Comfort Challenge: Appendicitis

I spent my 24th birthday in the emergency room, because of a terrible stomach ache had kept me up the entire night. I drove myself to urgent care, and the doctor directed me to the emergency room.

As I was laying down in the waiting room, I was thinking about my list of todos. I was tunnel-visioned on the deadlines I needed to meet, and in a rush to get out of the hospital so I could get some rest so I could continue my routines. I remember thinking, “hurry up and tell me it’s food poisoning, give me whatever I need to take so I can get on my way!”

After my computed tomography (CT) scan, I was directed back to my bed to wait. The doctor came by around a half hour later, and put his hand on my stomach and said that I had appendicitis. My appendix was swollen, but hadn’t quite burst yet, which was a good thing in a bad situation. He told me I needed to have surgery, to notify the people I needed to let know, and assured me that the surgery is relatively simple. He and the nurses also mentioned that there is no well-documented reasoning for why we need our appendix, so I wasn’t missing out on much having it removed. There is also no well-known reason for the cause of appendicitis either. This organ is filled with mystery.

I took a deep breath, and accepted the situation at hand. I was surprised that I wasn’t very afraid. I did a quick study on my phone about the surgery, and was convinced that it wasn’t something to make a big deal about.

What struck me more was the recovery time that I would need. No physical activity for 2-3 weeks, and I would barely be able to move in my first week. My exercise routines subsequently stopped, my appointments with friends were halted, my birthday plans cancelled, and I missed out on a trip to Lake Arrowhead! I remember feeling overwhelmed about this missed time. I would also have to reestablish my habits. I felt like I had just begun to develop good habits too, and then appendicitis struck me! I knew it would affect me for more than the 2-3 weeks, because I would need to put in more time and effort into getting back to normal. It felt like my life was being pushed back a month or more, and it made me uneasy.

I’m proud to say that I didn’t dwell on it much. I remember noting in my head two things:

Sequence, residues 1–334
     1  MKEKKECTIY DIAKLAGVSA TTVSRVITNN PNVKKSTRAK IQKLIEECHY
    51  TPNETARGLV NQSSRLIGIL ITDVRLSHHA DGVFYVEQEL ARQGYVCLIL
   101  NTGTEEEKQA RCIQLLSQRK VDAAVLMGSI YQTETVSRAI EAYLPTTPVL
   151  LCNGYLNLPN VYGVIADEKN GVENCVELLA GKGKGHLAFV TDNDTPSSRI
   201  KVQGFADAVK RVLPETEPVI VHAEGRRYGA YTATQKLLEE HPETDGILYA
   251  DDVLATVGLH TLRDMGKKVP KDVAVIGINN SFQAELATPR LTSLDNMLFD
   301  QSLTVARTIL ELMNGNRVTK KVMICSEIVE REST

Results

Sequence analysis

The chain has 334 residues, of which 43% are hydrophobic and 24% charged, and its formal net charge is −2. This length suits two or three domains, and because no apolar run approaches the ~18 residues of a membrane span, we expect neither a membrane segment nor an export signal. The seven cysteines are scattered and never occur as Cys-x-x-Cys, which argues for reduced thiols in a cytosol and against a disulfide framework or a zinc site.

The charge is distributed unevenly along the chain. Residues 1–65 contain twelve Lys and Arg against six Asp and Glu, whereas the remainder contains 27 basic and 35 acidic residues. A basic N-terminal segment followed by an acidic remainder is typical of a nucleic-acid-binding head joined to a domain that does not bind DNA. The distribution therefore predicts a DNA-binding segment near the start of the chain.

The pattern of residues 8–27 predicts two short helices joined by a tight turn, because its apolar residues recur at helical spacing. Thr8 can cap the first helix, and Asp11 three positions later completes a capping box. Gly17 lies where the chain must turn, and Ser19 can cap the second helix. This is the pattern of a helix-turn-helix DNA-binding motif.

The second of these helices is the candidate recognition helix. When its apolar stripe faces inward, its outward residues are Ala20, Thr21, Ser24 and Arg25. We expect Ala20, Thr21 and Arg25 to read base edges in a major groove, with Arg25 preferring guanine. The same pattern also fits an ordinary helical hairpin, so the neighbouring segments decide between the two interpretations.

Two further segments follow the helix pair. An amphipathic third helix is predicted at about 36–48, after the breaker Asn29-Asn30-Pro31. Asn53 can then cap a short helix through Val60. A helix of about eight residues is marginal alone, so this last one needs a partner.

1. I knew I had no sleep at night, so I told myself that I’m not thinking straight, so be wary of any negative thoughts that might come around.
  2. This is the reality of my current situation, so I need to bite down on the situation, and make it the most fun, learning experience I can. It was an opportunity to learn about my body and it’s healing process.

I joked with the nurses, asking them to save my appendix and put candles on it to celebrate my birthday. They said they appreciated seeing a young person in their hospital who was in good spirits. I felt in good-care, my Mother knew the supervisor of the hospital, and she had set me up with what seemed to be a luxury hospital room. I had a genuinely fun time in the hospital.

Moments before the surgery, one of the nurses asked if I was scared. I answered with an honest “no.” I was smiling as they pushed me into the operating room and reusing my appendix-birthday joke as often as I could to the new faculty members I would see. I was a little nervous about the surgery, but more anxious about my healing process and how soon I could get back to my routines.

The surgery went well, and I’m sitting here a week later, walking at 80% speed, and in good spirits. At the cost of my appendix, I got a few good jokes, a birthday to remember, and a newfound appreciation for health, family, and friends. I’m reminded that the journey to our goals is not one that is linear. It’s filled with pit-stops, and things that may seem like set-backs at some point in time, but these things eventually turn into things that happened that taught us about “x, y and z”. With the correct mindset, we can turn any situation into a learning experience. The stories we tell ourselves about how we interact with the world and vise-versa quite literally shape the entirety of how we think and act. So next time something “bad” happens to you, try to pause and see how that exact situation helped teach you something positive in some obscure way that took you some time to realize. Continue this thought exercise for years, and I’m convinced that that person will be wealthy, fulfilled, happy, and successful.

What a way to start to my 24th year!

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